Background and aims: The large-scale effects of duodenoscopes on the environment and public health have not been quantified. Our aim was to perform an exploratory life cycle assessment comparing environmental and human health effects of single-use duodenoscopes (SDs) and reusable duodenoscopes (RDs).
Methods: We evaluated 3 duodenoscopes: conventional RDs, RDs with disposable endcaps, and SDs. The primary outcomes were impacts on climate change and human health, complemented by multiple environmental impacts.
Results: Performing ERCP with SDs releases between 36.3 and 71.5 kg of CO2 equivalent, which is 24 to 47 times greater than using an RD (1.53 kg CO2) or an RD with disposable endcaps (1.54 kg CO2). Most of the impact of SDs comes from its manufacturing, which accounts for 91% to 96% of its greenhouse gas emission. The human health impact of RDs becomes comparable with the SD lower bound if disposable endcaps or other design modifications can reduce serious infection rates below a target rate of 23 cases per year (.0046%).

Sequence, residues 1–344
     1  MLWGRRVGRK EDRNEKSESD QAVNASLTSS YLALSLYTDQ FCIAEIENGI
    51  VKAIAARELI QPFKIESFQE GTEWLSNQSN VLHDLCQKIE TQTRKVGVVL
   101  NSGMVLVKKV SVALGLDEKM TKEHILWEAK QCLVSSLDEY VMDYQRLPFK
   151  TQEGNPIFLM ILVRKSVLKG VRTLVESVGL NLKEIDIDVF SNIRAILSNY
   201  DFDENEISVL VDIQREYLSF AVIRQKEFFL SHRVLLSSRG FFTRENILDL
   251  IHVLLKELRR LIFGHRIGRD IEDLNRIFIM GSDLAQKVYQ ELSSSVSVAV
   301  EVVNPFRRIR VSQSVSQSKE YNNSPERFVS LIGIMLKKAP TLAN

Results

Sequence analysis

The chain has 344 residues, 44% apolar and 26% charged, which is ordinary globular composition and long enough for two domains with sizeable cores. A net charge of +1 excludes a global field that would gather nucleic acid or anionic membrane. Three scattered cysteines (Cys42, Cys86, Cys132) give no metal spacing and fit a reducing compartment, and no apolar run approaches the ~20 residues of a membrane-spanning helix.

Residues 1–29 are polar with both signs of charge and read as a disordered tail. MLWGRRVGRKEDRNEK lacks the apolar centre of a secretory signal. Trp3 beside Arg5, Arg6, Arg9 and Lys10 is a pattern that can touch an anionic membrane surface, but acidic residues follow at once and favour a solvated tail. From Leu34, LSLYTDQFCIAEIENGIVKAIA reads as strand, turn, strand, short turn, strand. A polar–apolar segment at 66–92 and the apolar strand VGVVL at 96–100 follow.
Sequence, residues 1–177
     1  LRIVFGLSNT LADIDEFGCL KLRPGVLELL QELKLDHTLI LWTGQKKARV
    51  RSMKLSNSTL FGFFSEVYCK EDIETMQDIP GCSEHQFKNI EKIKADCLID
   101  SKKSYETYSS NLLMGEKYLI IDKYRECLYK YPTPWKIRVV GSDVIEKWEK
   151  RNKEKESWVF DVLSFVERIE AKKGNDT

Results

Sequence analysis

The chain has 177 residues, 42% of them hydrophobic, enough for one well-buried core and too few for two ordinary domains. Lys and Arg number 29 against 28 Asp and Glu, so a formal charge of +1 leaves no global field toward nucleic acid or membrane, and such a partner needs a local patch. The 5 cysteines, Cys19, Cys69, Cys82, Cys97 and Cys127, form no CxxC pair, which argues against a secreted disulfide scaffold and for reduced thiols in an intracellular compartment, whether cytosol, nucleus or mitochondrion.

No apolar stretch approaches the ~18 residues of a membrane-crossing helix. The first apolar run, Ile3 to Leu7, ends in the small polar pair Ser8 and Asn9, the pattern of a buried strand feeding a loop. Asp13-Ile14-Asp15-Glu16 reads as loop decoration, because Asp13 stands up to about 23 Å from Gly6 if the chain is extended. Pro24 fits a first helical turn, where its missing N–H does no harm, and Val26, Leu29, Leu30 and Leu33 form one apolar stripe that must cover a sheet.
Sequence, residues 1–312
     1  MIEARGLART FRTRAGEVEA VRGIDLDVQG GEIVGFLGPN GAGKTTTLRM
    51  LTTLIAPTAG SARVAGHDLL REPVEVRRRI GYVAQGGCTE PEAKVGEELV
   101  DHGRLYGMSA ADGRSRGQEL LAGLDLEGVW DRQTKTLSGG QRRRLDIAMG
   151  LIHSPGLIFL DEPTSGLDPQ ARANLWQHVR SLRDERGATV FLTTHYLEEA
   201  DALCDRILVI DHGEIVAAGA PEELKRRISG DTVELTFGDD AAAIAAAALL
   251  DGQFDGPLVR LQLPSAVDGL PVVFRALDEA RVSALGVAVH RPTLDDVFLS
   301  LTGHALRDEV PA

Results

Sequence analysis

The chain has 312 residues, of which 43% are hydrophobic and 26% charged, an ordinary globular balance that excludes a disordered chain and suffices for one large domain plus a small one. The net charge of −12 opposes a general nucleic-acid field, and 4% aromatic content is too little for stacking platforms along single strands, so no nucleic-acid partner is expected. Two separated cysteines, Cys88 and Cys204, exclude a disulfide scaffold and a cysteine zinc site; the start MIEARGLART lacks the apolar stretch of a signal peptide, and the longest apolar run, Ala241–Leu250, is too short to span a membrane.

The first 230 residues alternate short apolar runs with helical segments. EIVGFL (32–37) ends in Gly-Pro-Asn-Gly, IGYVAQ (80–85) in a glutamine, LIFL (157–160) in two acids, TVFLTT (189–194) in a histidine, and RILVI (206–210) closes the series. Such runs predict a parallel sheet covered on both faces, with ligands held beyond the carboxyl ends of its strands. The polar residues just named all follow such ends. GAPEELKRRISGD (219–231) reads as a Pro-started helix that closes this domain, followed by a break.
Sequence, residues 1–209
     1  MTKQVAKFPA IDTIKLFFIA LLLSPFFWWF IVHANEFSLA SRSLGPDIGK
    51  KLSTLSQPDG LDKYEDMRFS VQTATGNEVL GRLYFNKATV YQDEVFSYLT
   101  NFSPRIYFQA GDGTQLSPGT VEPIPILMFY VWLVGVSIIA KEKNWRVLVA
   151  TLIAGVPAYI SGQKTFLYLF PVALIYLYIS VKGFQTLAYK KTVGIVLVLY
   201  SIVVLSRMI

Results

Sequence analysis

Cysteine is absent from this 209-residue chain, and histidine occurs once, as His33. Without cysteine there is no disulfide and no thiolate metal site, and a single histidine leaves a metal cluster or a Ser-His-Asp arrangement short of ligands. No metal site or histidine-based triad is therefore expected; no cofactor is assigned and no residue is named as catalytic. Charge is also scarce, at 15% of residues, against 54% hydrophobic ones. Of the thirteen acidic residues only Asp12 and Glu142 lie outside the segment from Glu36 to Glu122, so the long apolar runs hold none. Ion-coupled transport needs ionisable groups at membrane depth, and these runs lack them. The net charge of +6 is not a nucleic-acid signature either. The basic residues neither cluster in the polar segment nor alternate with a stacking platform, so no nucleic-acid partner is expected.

Conclusions: Although SDs may provide incremental public health benefit compared with RDs, it comes at a substantially higher cost to the environment. As infection rates continue to decrease from more regimented cleaning protocols and enhanced designs such as disposable endcaps to facilitate cleaning, the negative impact to human health from contaminated RDs could be comparable with SDs.
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